Dogz Review

It’s hard to write about Dogz without making any kind of reference to Nintendogs. The timing of the game and its simplistic nature practically howl “knock off” and an attempt to cash in on the DS game’s popularity with the DS-deficit crowd. After playing the game I have to say that this is indeed the case – either that or this is an excellent simulation of the mind-numbing tedium that is dog ownership. (Before I get swamped with angry email from dog lovers everywhere, let me just go on the record as saying that it’s the former and the latter is a joke. It’s the game that is tedious and not dog ownership. Unless you have one of those dogs that just chews on the furniture and makes “accidents” around your house, that is.)

Pick a dog. Any dog. It really doesn't matter which one.
In Dogz you are a third grader who is given his/her first pet. Your job is to train your dog to do a few simple tricks and to stop doing its business all over your house within a three week period without you, the dog, or anyone in the general vicinity dying of boring during the process. Training your dog is simple enough; you just need to push a button to pick a command and the push another to give the command. More often than not this results in the dog scratching itself and staring dumbly at you with question marks floating above its head. Too bad “scratch yourself and look dumb” is not a trick or I’d be a champion dog trainer. Anyway, repeating this sequence over and over again ad naseum will eventually result in the dog doing the trick – which it always seems to forget how to do one moment later. So then it’s back to the repetition again until the dog becomes trained well enough to the trick with reasonably regularity. There’s not much payoff for all of this work, though, as watching a millimeter tall puppy “stay” on your GBA screen is about exciting as it sounds. On second thought, make that even less exciting than it sounds.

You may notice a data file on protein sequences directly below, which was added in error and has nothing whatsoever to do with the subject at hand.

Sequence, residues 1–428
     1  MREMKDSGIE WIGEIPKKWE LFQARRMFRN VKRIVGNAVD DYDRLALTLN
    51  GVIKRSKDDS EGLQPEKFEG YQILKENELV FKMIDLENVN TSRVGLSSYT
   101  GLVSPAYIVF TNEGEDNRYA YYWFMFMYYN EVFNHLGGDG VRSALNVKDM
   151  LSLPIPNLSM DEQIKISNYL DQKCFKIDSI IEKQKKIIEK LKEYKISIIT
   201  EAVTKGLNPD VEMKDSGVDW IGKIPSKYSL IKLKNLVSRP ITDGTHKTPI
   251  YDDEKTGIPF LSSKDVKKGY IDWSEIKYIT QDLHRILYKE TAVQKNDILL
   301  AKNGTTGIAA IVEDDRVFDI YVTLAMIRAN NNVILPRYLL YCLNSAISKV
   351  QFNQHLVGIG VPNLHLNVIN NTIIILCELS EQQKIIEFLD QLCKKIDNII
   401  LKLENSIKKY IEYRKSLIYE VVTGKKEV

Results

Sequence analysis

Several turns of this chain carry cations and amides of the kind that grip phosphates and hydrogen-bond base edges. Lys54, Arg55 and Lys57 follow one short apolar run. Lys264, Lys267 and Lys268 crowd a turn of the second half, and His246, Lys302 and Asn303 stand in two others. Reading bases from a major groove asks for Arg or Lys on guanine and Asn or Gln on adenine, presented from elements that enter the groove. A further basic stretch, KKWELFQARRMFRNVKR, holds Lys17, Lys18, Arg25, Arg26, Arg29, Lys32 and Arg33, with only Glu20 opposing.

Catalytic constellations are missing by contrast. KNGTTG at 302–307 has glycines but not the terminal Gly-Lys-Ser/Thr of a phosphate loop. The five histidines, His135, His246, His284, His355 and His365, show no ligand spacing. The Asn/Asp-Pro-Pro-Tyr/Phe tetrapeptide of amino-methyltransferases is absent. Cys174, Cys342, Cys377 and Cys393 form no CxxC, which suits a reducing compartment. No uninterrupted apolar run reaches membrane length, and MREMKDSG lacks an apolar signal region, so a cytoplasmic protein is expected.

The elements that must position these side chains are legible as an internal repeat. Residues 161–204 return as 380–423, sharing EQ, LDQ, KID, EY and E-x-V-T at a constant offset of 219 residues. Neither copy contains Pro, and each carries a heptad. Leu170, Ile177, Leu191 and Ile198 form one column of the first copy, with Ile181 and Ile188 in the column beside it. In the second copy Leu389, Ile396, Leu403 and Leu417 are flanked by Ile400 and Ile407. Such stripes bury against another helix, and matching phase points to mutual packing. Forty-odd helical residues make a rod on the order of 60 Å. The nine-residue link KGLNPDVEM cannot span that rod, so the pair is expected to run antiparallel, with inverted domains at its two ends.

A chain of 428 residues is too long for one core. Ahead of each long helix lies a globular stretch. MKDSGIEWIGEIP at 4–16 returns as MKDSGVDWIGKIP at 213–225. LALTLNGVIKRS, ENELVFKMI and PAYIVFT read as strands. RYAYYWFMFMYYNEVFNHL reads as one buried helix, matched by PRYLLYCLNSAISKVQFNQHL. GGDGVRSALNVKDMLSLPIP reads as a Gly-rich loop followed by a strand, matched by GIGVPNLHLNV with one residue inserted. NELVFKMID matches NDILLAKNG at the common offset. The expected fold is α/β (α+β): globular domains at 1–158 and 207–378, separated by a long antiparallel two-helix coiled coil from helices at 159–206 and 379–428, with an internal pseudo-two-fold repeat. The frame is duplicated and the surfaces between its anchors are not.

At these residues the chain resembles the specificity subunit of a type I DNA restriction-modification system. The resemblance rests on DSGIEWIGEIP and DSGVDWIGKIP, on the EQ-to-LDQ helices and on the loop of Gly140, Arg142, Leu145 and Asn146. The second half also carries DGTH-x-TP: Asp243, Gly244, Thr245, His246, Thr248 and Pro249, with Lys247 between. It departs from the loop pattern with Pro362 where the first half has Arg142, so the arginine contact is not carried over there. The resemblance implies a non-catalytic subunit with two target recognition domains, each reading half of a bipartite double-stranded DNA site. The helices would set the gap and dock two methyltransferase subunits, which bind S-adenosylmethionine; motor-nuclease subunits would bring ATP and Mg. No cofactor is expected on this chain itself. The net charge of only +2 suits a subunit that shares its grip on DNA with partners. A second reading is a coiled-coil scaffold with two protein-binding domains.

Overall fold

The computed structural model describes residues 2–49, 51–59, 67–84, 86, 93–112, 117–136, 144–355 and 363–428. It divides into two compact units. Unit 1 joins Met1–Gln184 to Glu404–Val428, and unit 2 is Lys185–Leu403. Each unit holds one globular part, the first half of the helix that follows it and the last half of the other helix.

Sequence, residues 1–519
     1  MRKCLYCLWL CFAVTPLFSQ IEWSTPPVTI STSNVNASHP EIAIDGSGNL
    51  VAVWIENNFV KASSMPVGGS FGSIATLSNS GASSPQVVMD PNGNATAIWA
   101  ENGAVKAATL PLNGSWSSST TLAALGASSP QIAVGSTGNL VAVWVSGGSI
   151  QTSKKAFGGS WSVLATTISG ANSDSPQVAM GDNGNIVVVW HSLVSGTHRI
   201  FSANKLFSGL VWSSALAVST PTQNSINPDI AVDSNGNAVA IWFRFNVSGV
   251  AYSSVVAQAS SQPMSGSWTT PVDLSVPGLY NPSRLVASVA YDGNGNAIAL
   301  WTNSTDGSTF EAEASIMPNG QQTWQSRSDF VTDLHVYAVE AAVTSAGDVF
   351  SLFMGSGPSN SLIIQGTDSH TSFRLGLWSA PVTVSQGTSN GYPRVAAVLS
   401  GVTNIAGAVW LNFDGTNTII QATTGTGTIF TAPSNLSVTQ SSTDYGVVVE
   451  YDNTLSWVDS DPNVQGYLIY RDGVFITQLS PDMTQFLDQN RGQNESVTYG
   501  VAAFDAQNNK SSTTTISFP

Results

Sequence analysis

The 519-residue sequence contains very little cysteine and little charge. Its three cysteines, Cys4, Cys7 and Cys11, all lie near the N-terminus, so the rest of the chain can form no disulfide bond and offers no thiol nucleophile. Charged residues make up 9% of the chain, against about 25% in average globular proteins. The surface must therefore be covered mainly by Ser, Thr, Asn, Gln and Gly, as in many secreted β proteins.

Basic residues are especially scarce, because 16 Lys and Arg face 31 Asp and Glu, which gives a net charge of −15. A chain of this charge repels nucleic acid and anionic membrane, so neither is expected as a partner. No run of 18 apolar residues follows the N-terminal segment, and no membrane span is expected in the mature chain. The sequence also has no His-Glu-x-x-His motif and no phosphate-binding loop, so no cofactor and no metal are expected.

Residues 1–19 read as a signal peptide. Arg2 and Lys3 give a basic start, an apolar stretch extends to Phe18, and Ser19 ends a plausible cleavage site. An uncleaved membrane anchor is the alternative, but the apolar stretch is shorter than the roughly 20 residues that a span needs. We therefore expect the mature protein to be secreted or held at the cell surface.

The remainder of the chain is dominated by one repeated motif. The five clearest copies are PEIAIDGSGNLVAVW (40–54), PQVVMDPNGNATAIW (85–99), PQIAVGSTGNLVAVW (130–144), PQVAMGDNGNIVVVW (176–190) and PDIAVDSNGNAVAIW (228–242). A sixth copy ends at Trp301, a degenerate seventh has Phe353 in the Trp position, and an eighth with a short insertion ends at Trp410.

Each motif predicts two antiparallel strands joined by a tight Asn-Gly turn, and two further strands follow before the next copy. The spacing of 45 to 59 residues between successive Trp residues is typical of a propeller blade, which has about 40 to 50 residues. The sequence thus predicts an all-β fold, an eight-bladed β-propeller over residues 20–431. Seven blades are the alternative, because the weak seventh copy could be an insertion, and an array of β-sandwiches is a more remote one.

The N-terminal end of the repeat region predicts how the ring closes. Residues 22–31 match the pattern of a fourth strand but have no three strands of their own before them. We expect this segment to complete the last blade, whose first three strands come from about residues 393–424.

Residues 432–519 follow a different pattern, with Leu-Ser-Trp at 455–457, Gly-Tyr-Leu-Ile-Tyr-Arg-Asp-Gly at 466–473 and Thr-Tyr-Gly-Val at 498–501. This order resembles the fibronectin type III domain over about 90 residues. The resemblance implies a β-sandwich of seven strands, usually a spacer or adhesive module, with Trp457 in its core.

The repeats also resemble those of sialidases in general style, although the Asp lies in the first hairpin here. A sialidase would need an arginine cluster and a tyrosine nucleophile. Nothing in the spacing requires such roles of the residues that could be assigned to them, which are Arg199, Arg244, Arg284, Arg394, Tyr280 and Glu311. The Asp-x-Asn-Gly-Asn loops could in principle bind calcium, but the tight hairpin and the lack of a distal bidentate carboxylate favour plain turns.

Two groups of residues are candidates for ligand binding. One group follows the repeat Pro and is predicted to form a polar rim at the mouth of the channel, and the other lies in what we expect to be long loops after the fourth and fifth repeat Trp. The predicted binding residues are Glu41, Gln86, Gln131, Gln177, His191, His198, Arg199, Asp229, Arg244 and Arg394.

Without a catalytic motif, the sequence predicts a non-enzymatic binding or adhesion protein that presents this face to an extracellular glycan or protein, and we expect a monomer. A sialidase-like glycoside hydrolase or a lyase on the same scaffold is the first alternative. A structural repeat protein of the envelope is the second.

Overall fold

As if this wasn’t tedious enough, the game makes you contend with some of the more mundane aspects of suburban life between endless A-button-pushing doggie commands. You have to bring in the paper for your lazy Ward Cleaver-esque dad, sit down to dinner with the family, vacuum your house, and go to school each day which involves watching the same cutscene of you saying “hi” to your classmates as you go through the school gates, immediately followed by the cutscene of you saying “bye” to all of your classmates as you leave the school gates. And you do all this every single monotonous day after another, except for weekends when you get to bathe your dog instead. Through it all you’ll see the same text conversations over and over and over again from mom and dad bot and your spiky-haired, ever smiling but dead inside in-game alter ego. The game should come with a suicide prevention hotline number.